Engine Specs for Vehiclesby Contributing WriterUpdated June 12, 2017
Vehicles the Vehicles division of Vehicles Motors, released three pickup Vehicles with the Vehicles C/K nameplate in Vehicles.
Under The Hood:
- Engine Specs for the BMW 323i 2.5 Liter
- Engine Specs for a 2001 Ford 5.4L
- Engine Specs for a 1994 GMC Sierra
- Engine Specs for the 5.3 Vortec
- Engine Specs on a 2.5 Liter Jeep
The BMW 323i's 2.5 liter has six cylinders in a direct line, known as an in-line six-cylinder (I-6). This I-6 engine has 24 valves---four per cylinder---in a double overhead cam (DOHC) configuration.
The 2.5-liter I-6 has a bore (cylinder width) of 3.31 inches, a stroke (distance piston travels in the cylinder) of 2.95 inches and a compression ratio of 10.5 to 1. The 2.5-liter has a total displacement of 2,494 cubic centimeters.
As with all BMW engines, maximum power is a focus point of the 2.5-liter. The 1998 incarnation of this engine produces 168 horsepower at 5,500 revolutions per minute (rpm); the 1999 and 2000 versions produce 170 horsepower at 5,500 rpm. All three years' models, produce 181 foot-lbs. of torque at 3,500 rpm.
When combined with an automatic transmission, the 2.5-liter can go 19 miles per gallon (mpg) in the city and 27 to 28 mpg on the highway. This engine can travel 19 to 20 mpg in the city and 28 to 30 mpg on the highway when coupled with a manual transmission.
The basic 5.4-liter V8 produces a respectable 260 horsepower at 4,500 rpm and 350 foot-pounds of torque at 2,500 rpm. It has an engine displacement of 5,408 cc, a compression ratio of 9:1, a 3.55-inch bore and a 4.16-inch stroke. The 5.4 came standard with several trim packages, including the Lariat, the SVT Raptor SuperCab and the XLT Super Crew.
Strictly for Ford's hot-rod F-150, the SVT Lightning, the supercharged version of the 2001 5.4-liter engine provided massive power, lending credence to the specialty truck's name. Ford's Specialty Vehicle Team managed to get 380 horsepower from the engine at 4,750 rpm and a brutish 450 ft-lbs of torque at 3,250 rpm. The Lightning's 5.4-liter plant was outfitted with aluminum alloy heads and a forged steel crankshaft. The motor redlined at 5,250 rpm.
Versions of the 5.4-liter V8 powered many Ford vehicles in 2001, including the Expedition, the Excursion and the Lincoln Navigator SUVs. Ford used versions of the 5.4-liter engine in high-performance cars as well, such as the Mustang SVT Cobra R, the GT supercar and the Shelby GT500.
1994 GMC Sierra 1500
Most of the 1994 GMC Sierra 1500 trims have a 4.3-liter V-6 that generates 165 horsepower and 236 pound-feet of torque, with a 4,293-cubic centimeter displacement, a bore and stroke of 4-by-3.48 inches and a 9.1-to-1 compression ratio. Two of the trims have a more powerful option: a 5-liter V-8 with 175 horsepower, 275 pound-feet of torque, a 5,001-cubic centimeter displacement, a 3.74-by-3.48-inch bore and stroke, and the same compression ratio as the 4.3-liter V-6 engine.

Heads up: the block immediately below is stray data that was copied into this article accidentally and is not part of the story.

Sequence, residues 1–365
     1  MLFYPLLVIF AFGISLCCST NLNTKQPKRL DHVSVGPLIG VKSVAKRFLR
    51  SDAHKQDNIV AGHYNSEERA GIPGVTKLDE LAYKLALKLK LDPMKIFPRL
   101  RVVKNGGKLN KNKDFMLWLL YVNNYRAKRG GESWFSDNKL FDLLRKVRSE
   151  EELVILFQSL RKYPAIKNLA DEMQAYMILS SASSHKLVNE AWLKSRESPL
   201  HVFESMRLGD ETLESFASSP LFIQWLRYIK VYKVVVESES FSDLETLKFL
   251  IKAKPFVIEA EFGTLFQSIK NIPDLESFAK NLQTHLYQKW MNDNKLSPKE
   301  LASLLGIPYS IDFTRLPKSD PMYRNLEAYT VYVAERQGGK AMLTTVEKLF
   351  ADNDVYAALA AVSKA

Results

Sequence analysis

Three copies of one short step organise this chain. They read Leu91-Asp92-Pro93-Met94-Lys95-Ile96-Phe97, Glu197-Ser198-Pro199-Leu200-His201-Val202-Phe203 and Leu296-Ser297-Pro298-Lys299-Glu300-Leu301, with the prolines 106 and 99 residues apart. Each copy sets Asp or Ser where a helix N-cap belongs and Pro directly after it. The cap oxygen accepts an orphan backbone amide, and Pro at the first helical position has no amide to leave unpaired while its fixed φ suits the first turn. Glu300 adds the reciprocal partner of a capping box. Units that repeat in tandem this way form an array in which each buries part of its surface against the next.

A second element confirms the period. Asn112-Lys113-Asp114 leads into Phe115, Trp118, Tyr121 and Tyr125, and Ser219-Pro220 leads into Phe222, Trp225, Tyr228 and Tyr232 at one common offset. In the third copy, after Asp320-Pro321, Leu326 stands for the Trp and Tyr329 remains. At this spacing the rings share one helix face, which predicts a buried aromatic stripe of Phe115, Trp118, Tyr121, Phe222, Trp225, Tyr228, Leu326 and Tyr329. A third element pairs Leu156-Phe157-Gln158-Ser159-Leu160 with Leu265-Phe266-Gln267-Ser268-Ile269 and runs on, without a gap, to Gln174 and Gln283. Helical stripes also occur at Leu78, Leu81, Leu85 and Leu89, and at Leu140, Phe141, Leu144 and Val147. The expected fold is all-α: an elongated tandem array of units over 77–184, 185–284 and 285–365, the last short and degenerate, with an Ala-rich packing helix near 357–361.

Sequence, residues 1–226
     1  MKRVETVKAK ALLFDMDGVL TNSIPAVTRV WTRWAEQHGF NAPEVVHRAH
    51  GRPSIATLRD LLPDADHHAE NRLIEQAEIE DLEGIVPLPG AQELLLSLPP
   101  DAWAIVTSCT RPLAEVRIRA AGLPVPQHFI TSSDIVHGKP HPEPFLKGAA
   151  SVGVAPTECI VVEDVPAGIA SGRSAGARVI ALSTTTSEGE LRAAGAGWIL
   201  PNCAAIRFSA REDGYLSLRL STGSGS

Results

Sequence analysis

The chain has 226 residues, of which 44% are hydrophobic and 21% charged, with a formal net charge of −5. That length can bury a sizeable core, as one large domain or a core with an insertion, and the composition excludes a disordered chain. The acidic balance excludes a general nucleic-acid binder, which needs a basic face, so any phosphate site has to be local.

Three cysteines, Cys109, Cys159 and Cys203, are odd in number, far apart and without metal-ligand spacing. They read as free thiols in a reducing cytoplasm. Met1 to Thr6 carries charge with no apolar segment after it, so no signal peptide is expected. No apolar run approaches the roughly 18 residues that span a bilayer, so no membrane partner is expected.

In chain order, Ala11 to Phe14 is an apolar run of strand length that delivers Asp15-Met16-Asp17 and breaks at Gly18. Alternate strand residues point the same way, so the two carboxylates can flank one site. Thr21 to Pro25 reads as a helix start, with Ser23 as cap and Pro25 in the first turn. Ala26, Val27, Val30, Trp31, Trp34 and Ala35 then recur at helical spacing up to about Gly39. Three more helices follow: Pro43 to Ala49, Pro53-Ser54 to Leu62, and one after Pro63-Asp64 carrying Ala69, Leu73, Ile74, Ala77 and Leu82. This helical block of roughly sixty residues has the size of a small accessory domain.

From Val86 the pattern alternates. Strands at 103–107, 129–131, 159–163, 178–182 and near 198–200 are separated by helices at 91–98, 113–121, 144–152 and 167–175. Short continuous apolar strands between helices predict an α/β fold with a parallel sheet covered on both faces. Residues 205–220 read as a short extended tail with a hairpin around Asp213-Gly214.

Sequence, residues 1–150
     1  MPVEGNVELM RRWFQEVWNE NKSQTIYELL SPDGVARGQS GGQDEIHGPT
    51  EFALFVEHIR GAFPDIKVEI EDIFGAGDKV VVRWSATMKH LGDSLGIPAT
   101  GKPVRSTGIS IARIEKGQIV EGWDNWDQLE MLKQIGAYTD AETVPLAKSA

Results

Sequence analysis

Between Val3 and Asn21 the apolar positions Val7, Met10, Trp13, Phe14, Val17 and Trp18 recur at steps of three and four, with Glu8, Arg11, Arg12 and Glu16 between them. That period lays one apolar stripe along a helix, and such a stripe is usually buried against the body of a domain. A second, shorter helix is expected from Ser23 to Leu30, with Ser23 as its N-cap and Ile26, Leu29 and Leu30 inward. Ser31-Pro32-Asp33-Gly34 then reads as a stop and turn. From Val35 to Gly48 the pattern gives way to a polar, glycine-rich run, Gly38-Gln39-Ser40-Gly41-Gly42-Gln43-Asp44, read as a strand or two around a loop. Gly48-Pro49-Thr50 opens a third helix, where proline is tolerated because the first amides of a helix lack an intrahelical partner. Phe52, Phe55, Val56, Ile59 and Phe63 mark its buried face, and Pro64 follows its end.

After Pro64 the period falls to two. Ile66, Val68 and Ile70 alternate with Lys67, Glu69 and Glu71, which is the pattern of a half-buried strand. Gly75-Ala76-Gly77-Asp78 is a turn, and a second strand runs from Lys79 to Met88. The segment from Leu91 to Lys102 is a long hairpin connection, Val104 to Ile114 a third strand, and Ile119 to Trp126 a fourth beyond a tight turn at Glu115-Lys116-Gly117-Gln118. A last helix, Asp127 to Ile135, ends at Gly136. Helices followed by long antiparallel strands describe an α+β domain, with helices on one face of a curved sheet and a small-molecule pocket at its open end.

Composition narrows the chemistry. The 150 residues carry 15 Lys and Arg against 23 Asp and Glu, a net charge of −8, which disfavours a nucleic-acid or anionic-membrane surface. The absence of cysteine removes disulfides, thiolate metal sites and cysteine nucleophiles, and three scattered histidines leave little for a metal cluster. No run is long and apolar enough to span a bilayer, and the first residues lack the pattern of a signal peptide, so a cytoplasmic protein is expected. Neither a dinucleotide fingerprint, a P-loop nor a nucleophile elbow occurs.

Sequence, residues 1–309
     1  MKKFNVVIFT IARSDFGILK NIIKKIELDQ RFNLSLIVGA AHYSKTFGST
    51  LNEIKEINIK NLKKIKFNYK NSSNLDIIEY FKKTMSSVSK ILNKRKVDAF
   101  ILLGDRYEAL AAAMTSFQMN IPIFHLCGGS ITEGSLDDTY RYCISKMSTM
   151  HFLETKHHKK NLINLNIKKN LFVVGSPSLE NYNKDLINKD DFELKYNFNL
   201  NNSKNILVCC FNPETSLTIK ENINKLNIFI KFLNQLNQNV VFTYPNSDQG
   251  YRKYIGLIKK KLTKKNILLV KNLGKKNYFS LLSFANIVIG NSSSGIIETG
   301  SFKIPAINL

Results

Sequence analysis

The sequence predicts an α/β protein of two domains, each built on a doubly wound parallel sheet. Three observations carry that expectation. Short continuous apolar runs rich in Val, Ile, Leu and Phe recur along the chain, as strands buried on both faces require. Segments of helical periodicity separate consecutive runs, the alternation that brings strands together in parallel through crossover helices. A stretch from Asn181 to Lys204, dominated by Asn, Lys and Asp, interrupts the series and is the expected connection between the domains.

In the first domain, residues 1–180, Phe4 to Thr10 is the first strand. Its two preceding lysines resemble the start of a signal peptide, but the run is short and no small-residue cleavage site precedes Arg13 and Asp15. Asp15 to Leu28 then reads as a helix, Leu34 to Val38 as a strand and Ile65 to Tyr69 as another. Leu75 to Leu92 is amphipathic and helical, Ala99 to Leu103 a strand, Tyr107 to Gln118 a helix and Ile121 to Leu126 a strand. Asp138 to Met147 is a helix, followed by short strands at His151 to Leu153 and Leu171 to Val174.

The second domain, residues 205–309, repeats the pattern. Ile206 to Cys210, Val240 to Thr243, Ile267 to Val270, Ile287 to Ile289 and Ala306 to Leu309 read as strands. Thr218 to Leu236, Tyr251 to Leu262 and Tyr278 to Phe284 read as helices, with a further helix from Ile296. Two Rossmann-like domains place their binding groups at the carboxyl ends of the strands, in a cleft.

1994 GMC Sierra 2500
The 1994 GMC Sierra 2500 vehicles have the same two engine choices as their smaller 1500 siblings. They also have a third option: a 5.7-liter V-8 that generates 190 horsepower and 300 pound-feet of torque. Additionally, it has a 5,737-cubic centimeter displacement and a 8.6-to-1 compression ratio, with the same bore and stroke as the 4.3-liter V-6 engine.
1994 GMC Sierra 3500
Unlike its smaller contemporaries, the 3500 version of the 1994 GMC Sierra offers only one standard engine: the 5.7-liter V-8, the same as the most powerful engine offered for the Sierra 2500.
Bore and Stroke
The 5.3-liter V8 has a bore of 3.78 inches and a stroke of 3.62 inches. Bore is a measure of the diameter of the engine's eight cylinders, and stroke is the distance that the pistons, which are housed in the cylinders, travel when the engine is operational.
The 5.3-liter Vortec engine has compression ratios from 9.5 to 1 and 9.9 to 1. These high compression ratios mean that the engine can produce between 270 and 300 horsepower at around 5,200 revolutions per minute (rpm) and 315 to 325 foot-pounds of torque at 4,000 rpm, making it a popular engine for performance- and work-oriented consumers.
The 5.3-liter V8 appeared in a variety of GM-branded vehicles. In 1997 the manufacturer remodeled the engine, placing it in such vehicles as the Chevy Tahoe and GMC Sierra beginning in 1999, and the Chevrolet Colorado beginning in 2009.
The AMC-developed 2.5L inline four-cylinder engine in the Jeep Wrangler is a naturally aspirated eight-valve OHV design. This motor has a 3.88-inch bore, 3.19-inch stroke and a compression ratio of 9.2:1. This powerplant produces 120 horsepower at 5,400 rpm and 140 ft-lbs of torque at 3,500 rpm.
Payload and Towing
The 2.5L-engined Wrangler is capable of the same payload and towing capacities as the 4.0L inline six-cylinder engine. Maximum towing for this vehicle is 2,000 lbs, while maximum payload is rated at 800 lbs.
The 2.5L four-cylinder motor yields 16 mpg city and 18 mpg highway when mated to a three-speed automatic while the five-speed manual yields 18 mpg city and 20 mpg highway.